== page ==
What Will Single Member Districts Really Mean?

Under The Hood

Among the litany of issues Sarasota County voters consider this year will be whether to switch to single-member districts when electing county commissioners. It’s fairly easy to see why this inspires sharp partisan divide. Democrats lament no one from the blue team has won a seat on the commission since 1966. Republicans, well, they don’t see a problem with that.

But what could single-member districts truly mean down the road? I see a lot of good myself, mostly getting members to focus on regional concerns and therefore developing political diversity. But I’m not so sure the most enthusiastic supporters hold a realistic view what will occur. Taking a hard look at the make-up of districts today further demonstrates that.

For example, the Sarasota Democratic Party backs this amendment on the hope more—really any—Democrats will be elected. But registered Democrats outnumber Republicans in only one commission district today, and not by much.

Put it this way. Under the current system, District 1 Commissioner Mike Moran must run for re-election in two years countywide, where 42 percent of voters are Republican and 31 percent are Democrats. With single-member voting, he runs in a smaller district that’s 38-percent Democrat and 37-percent Republican. I can guess which he prefers, but a 1-point partisan disadvantage hardly destroys the incumbent.

Now, if it’s an open-seat, Democrats may gain more. In 2016, Moran lost the District 1 vote by 488 votes to Democrat Fredd Atkins, despite winning countywide by nearly 36,000 votes. That correlates closely to the 455-voter gap between Democrats and Republicans registered there today. With all other things equal, Democrats could claim an advantage and win one spot on the commission.

But that would be it based on math alone. In every other district, Republicans hold a 10-percent edge or greater.

I know both District 2 candidate Ruta Jouniari and District 4 candidate Wesley Beggs, the Democratic nominees this year, favor single-member districts. These candidates know the prohibitive costs and logistical challenges of running countywide. Certainly a smaller district might ease that pain. But it won’t make victory less of an uphill challenge.

For Jouniari, it might help in her battle with Republican candidate Christian Ziegler, but not by much. Republicans in District 2 hold a 10-point advantage, compared to an 11-point edge countywide. Not a huge improvement. For Beggs, who battles incumbent Alan Maio in District 4, a switch to single member districts could prove disastrous. Republicans hold a 15-point lead there. Democrats like to say Maio has no accountability to the District now, but then the incumbent this year won his Republican primary in District 4 with 6,369 votes to party challenger Lourdes Ramirez’s 3353 votes.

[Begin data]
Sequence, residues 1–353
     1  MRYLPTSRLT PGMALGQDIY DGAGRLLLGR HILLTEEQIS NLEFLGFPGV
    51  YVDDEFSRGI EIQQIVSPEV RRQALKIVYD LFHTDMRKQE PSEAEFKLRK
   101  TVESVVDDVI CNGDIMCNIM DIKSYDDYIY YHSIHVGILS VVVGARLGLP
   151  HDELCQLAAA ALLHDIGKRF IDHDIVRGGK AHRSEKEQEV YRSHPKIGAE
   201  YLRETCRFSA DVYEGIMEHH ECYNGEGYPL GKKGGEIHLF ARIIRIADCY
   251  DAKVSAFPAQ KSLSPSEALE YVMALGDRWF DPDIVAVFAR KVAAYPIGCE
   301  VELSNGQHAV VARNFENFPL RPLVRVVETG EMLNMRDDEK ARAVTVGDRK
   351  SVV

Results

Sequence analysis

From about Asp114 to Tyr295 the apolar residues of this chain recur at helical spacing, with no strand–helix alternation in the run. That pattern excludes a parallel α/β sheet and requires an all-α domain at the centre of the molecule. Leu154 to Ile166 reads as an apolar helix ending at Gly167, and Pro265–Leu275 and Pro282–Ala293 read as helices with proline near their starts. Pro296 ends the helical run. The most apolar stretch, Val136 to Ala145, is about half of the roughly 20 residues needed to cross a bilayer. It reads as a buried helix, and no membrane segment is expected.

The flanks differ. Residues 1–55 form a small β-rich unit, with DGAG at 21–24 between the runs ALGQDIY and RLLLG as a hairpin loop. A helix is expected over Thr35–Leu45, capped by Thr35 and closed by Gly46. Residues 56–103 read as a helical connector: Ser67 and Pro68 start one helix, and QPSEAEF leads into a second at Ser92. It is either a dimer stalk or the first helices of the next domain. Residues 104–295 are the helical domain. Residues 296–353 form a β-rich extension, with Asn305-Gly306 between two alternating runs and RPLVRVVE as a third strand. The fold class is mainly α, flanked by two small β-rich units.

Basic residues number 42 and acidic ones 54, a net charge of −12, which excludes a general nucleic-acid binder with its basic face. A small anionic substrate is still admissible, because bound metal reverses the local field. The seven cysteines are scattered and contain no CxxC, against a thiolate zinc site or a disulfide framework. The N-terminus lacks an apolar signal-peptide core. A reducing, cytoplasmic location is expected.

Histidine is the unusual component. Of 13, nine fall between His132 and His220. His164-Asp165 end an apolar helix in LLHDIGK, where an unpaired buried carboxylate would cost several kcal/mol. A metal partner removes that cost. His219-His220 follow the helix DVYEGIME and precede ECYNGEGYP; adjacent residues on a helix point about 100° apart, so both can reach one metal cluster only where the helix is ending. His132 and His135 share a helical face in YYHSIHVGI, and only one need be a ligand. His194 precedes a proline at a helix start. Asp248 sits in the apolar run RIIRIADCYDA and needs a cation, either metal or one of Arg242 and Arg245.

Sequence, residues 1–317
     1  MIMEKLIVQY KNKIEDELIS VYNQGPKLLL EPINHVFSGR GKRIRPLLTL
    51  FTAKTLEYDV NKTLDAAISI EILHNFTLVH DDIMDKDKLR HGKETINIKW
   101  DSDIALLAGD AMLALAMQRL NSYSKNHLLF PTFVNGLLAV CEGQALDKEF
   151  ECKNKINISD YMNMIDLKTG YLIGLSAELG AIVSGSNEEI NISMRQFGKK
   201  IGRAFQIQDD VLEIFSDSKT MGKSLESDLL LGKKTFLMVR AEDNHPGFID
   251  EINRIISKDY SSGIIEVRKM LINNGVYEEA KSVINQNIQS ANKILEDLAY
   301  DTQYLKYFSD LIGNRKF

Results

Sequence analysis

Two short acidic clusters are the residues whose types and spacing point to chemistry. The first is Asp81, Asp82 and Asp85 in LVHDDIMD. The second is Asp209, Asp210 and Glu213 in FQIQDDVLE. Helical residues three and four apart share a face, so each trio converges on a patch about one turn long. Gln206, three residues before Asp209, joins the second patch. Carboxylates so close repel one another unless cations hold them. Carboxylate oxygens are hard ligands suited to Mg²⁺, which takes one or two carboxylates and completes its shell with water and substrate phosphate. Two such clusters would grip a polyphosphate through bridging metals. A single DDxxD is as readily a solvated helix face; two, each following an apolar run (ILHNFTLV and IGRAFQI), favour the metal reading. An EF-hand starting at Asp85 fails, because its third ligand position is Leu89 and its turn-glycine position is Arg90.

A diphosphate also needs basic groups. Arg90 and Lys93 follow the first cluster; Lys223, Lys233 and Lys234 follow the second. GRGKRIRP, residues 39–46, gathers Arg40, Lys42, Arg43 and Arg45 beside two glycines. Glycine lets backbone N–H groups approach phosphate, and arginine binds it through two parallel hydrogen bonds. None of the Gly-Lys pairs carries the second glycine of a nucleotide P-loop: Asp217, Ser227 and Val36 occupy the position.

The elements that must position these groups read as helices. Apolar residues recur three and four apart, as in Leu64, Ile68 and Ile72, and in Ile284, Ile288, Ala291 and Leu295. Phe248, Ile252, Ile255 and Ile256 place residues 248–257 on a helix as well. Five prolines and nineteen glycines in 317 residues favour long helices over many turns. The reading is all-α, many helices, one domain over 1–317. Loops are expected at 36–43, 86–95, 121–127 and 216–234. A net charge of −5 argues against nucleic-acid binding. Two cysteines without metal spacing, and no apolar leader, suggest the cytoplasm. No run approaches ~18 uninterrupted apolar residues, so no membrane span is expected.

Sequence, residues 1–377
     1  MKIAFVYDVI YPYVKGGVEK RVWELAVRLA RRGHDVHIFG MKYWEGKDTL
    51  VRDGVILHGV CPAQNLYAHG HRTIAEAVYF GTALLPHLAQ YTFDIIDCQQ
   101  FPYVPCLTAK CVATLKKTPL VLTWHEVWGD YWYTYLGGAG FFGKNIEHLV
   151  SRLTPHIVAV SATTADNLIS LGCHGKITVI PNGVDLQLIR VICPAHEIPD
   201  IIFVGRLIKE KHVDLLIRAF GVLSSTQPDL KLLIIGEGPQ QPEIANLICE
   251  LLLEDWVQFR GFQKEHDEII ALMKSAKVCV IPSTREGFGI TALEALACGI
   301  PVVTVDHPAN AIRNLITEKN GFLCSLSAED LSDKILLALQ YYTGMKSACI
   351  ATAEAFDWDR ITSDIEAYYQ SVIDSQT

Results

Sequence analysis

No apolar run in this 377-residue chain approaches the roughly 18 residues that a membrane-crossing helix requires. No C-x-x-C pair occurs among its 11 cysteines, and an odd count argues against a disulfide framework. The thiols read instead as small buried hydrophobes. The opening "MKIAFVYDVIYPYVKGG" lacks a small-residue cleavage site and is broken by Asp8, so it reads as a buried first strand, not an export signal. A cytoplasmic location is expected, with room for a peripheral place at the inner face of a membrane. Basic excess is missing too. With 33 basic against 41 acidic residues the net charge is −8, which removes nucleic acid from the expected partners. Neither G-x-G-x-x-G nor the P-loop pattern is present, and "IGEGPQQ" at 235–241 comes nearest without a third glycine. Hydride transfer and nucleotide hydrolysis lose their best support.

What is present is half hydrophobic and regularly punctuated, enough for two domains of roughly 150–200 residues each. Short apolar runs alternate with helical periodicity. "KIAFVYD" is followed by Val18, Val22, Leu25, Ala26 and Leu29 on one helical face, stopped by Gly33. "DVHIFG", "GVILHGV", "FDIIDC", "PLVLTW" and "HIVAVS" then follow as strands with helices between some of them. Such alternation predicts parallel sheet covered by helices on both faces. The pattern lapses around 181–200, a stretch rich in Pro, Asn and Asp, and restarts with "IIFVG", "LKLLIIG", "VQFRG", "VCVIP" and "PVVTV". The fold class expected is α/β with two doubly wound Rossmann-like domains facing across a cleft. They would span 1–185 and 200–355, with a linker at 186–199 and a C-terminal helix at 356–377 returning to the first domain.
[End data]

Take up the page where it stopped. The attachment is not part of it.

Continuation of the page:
Those favoring reform, of course, say outcomes could change when elections focus just on district voters. The Sarasota Alliance for Fair Elections claims costs will be reduced by 80 percent. I always scratch my head at that. TV ads in the market will cost the same. There will be less mail costs, sure. But if people believe commissioners now listen only to developer money, why believe that money won’t still be given to candidates and go even further in a smaller district? It’s likely the well-funded candidates will receive the same dollars, and they too will enjoy reduced election costs.

One final note. This analysis works from the districts as they exist today. The decennial redistricting means little outside residency requirements not, but if a Republican-majority commission wanted to erase a Democratic advantage in District 1, it’s easier there than anywhere else. Thanks to growth in South County, Districts 1 and 2 will need to expand in footprint soon. If commissioners get elected by district, the fight over those lines will become a high-stakes battle quickly.

Jacob Ogles is contributing senior editor for SRQ Media Group.

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